One deep breath, three dribbles, spin ball in left hand, bounce a bit from the knees, and shoot.
For Maureen Hirt ’14, that is the formula for success at the free throw line, a place where pressure and uncertainty combine into a test regularly graded by hundreds of critical basketball fans. It’s also a place where Hirt, a 5’8” shooting guard, comes closest to perfection.
Entering her senior season, she already reigned over all other NCAA Division III players by converting 92.3 percent (84 of 91) of her free throw attempts— a Kenyon single-season record. In her last game as a Lady, she took her nearly prefect career a step further by scoring 1,819 points, a total that cleared the previous record of 1,794 points set by Kim Graf ’97.
Away from competition, Hirt, a psychology and economics double major from Bloomington, Indiana, wanted to look at perfection in a different light. As a Kenyon Summer Science Scholar, she worked with Sarah Murnen, professor of psychology, to examine the strength of the relationship between perfectionism and anxiety in a range of athletes. What they found, to Hirt’s surprise, was that amateur athletes who scored high in perfectionism also scored high in anxiety. The relationship did not apply to the professional athletes they studied.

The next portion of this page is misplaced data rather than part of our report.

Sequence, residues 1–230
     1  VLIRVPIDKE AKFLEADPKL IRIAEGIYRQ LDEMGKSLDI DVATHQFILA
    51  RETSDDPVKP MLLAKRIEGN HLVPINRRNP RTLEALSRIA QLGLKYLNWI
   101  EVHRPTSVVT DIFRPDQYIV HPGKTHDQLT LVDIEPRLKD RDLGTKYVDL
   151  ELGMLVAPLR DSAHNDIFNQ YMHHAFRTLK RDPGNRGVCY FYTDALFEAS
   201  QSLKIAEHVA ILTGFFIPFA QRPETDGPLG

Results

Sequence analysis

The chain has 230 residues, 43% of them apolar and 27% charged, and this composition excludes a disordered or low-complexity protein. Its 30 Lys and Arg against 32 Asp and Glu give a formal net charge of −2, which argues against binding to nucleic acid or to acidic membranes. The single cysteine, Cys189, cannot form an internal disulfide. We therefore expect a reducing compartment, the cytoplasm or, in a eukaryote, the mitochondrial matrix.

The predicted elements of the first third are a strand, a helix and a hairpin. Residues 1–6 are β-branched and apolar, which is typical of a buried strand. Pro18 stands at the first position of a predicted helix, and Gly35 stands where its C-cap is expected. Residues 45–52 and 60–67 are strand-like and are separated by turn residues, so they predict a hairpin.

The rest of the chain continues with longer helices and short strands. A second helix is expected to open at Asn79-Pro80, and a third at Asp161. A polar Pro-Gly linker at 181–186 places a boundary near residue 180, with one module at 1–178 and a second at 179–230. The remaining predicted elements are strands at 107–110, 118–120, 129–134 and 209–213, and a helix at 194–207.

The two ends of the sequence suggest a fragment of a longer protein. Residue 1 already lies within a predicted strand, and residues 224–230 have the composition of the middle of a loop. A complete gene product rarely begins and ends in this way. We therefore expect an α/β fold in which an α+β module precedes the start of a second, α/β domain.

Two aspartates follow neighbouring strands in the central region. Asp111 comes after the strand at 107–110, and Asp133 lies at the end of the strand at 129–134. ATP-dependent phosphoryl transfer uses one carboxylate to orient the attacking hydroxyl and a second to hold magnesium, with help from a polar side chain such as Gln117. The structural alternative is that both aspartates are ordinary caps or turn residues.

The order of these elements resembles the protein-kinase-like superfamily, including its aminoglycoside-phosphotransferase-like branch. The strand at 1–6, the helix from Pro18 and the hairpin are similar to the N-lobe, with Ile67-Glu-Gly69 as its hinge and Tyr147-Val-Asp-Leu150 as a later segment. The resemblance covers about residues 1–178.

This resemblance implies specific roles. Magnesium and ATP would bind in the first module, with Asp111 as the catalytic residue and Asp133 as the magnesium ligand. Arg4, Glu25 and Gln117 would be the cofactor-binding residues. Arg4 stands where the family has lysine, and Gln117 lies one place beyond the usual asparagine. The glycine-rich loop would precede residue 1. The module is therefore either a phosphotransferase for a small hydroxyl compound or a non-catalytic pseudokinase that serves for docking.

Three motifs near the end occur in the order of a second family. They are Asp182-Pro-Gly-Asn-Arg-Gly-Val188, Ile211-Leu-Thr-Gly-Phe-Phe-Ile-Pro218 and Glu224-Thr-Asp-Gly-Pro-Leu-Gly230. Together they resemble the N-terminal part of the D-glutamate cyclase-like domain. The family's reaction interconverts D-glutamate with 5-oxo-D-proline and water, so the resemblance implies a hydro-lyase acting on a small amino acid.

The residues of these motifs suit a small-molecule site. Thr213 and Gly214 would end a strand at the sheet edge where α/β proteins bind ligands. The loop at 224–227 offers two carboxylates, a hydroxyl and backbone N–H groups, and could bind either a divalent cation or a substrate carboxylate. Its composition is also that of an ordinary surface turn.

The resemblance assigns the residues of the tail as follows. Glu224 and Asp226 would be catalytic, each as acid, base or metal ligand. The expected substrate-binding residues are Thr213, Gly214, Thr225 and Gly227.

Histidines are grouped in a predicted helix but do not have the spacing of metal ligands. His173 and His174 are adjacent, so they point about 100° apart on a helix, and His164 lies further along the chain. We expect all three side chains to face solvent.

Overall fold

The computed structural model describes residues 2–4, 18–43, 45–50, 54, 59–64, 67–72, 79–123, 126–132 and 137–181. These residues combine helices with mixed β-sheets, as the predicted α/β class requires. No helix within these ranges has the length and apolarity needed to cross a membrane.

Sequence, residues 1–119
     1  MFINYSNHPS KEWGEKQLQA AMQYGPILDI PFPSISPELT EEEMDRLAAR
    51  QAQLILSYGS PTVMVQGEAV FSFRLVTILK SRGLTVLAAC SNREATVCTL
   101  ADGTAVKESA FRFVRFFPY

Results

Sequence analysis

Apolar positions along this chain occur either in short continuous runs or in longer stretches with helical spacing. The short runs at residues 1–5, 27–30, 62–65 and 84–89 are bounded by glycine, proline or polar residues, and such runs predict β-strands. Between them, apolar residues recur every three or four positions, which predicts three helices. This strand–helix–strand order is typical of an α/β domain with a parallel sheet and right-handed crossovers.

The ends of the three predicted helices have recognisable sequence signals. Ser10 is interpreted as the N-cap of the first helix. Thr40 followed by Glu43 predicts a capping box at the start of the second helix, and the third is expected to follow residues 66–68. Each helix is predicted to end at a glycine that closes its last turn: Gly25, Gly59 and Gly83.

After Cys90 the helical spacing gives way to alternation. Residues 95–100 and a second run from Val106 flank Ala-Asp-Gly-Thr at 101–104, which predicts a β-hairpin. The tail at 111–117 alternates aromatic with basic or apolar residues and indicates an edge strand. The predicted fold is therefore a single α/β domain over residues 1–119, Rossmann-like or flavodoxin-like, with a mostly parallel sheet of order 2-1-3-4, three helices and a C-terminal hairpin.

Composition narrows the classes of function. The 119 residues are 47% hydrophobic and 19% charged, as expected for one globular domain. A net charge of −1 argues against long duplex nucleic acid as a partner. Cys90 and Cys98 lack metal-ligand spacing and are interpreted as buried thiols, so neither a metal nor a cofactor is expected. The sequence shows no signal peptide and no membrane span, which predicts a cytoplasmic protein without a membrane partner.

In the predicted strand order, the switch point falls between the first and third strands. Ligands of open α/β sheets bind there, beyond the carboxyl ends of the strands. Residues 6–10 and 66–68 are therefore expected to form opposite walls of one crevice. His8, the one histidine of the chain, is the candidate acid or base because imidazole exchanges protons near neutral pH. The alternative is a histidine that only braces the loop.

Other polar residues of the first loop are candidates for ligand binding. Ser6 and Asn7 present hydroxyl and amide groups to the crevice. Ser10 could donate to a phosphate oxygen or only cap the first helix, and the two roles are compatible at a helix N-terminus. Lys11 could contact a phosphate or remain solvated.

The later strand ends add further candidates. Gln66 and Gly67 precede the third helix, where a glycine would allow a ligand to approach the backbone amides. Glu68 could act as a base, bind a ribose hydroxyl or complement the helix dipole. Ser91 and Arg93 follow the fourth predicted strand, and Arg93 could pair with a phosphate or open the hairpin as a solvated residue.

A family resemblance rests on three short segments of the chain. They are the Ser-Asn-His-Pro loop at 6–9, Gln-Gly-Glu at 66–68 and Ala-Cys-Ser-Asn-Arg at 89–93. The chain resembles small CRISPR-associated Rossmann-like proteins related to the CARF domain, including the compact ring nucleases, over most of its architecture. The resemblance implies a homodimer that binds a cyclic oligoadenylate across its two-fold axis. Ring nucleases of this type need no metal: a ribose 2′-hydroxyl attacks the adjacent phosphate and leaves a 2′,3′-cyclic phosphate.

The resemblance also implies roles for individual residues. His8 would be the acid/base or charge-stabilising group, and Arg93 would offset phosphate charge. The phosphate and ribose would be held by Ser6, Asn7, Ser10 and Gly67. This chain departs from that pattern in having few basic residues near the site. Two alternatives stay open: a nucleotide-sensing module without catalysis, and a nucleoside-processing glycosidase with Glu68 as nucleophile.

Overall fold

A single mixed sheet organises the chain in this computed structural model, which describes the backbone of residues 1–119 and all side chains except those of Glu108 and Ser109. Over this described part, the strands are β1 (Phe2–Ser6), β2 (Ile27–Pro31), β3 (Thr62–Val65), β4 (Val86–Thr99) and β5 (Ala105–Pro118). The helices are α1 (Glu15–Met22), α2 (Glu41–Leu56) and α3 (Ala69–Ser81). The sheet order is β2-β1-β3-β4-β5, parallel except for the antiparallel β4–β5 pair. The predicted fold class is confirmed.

“The reason I was interested in this project was because I definitely describe myself as a perfectionist, especially when it comes to basketball,” Hirt said. “I think Kenyon attracts the sort of athlete who really wants to be successful at everything. While it’s good to be determined and to have a goal of striving toward perfection, you also have to be able to let go of mistakes and not let subsequent anxiety consume you.”
While Hirt admits that a certain level of anxiety can be beneficial to an athlete, she says that too much in a high-pressure situation can have a negative effect. “You need to realize you’ve put in the time to work on your game and that you’re going to be just fine,” she said.
Hirt recently was voted “Player of the Year” by the North Coast Athletic Conference. She also is a top-ten finalist for the Jostens Trophy, a national award that takes into account basketball ability, academic prowess and community service.